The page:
Back in Norwich we were in the grip of drought, it had not rained properly for months. The garden was surviving, but only just! Bathwater was being carried down and poured on the most precious plants. Fortunately, we had decent rain in September. Climate change is real. Of course, we know what is going on here, but much of Europe is facing similar problems. Shipping on the Rhine is having to carry lighter loads or else they cannot navigate the shallower waters. In Norway the dry spell means hydro-electric plants cannot operate. That affects all of Europe since they are part of the continent-wide grid. In addition, it has been unseasonably warm.

Not all is bleak though. At the end of the garden there is a cluster of, at least, nine large trees: one apple, four firs, one holly, and two silver birches plus a great deal of undergrowth. It is a haven for wildlife and the squirrels have a dray there. It has been a pleasure watching the younger ones playing in the garden, chasing each other up and down trees. The heat meant that I worked with the shed windows and door open. I was sitting reading a few afternoons ago, vaguely aware of the squirrels scampering about on the roof. I am not sure what happened, but there was suddenly a loud thump and there in the doorway was a surprised looking squirrel. It really gave me a fright. A few minutes later it happened again. Wikipedia tells me there are flying squirrels in North America and Central America, genus Glaucomys (sabrinus, volans and oregonensis), while the Siberian flying squirrel (Pteromys volans) is found in northern Europe: Russia, Finland and Estonia. I claim to be the first person to identify the Norfolk plummeting squirrel which I suggest be named Petromys stagneum (or perpendiculum depending on the translation software).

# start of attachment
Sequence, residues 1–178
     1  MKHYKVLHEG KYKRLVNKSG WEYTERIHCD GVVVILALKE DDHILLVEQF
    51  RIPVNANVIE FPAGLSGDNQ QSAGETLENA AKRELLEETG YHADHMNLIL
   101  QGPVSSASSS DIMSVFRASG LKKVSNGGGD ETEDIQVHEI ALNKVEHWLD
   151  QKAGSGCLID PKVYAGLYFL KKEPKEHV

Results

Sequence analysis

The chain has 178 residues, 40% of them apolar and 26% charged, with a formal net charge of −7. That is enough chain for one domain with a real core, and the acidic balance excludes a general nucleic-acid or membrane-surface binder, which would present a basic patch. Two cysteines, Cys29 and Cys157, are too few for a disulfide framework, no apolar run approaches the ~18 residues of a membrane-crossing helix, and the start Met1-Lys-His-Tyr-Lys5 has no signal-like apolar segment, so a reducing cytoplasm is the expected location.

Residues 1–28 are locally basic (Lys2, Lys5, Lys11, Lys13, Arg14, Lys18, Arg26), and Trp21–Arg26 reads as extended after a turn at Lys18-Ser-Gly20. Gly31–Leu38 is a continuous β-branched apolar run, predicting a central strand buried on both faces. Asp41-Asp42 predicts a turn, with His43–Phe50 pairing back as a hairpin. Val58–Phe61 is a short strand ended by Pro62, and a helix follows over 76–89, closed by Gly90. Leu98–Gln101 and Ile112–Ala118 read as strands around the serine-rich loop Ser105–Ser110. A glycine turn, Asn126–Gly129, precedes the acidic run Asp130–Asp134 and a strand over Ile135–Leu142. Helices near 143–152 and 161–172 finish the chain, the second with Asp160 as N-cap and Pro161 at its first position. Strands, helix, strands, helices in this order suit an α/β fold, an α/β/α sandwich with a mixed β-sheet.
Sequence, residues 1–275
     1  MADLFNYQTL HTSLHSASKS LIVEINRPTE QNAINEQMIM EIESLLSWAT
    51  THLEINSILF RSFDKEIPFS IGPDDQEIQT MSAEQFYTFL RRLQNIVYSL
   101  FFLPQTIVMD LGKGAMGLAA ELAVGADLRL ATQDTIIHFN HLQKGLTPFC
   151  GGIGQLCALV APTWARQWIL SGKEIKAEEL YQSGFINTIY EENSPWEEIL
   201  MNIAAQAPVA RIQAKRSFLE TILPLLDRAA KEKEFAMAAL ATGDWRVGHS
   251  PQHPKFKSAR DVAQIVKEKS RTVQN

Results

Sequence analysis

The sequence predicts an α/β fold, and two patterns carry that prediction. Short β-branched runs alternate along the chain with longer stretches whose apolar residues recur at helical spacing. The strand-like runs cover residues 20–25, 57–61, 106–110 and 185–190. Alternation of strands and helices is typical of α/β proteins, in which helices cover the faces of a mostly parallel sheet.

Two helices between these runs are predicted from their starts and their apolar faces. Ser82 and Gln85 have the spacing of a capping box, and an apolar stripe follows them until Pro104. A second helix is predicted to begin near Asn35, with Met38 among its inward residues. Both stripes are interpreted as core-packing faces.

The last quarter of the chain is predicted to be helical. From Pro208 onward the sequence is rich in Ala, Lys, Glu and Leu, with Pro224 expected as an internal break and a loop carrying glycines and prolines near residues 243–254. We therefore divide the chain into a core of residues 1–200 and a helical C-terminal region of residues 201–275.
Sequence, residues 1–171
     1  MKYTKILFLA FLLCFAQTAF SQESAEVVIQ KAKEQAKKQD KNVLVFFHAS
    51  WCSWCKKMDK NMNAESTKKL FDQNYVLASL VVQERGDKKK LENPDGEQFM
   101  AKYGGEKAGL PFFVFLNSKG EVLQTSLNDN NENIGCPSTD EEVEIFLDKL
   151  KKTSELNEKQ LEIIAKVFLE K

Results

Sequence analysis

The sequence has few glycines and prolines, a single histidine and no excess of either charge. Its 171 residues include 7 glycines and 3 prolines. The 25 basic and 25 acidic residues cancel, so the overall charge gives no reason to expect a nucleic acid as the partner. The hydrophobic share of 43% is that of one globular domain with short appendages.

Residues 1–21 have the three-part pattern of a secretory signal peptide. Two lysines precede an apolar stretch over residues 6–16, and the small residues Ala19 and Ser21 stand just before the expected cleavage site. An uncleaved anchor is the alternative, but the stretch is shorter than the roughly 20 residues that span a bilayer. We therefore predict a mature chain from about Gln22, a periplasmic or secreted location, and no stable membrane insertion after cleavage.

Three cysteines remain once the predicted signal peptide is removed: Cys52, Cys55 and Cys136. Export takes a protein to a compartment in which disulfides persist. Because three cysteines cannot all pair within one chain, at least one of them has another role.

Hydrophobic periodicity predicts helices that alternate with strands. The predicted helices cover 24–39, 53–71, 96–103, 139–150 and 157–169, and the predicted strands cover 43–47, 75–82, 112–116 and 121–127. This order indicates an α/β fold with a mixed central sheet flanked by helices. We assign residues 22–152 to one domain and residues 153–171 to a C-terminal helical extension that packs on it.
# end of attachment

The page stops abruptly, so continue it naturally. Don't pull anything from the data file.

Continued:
Some small town news. In Norwich I recently discovered a small yard right opposite the Guildhall. It has the delightful name of Labour in Vain Yard. This is from Psalm 127 verse 1: “Unless the Lord builds the house, its builders labour in vain.” Apparently, there was a pub by that name in the yard, and the sign was painted by well-known Norwich School painter John Croome over 200 years ago. We had occasion to go up to Yorkshire and decided to go out for supper with family. There is little open on a Sunday, but I identified an Italian restaurant called ‘Florena’s’ in Howden. I was managing expectations, but it turned out to be one of the best Italian meals I have eaten in a long time. The husband and wife, in their 80s, who started the restaurant were eating there and greeted us as they left. It is still a family business and well worth visiting.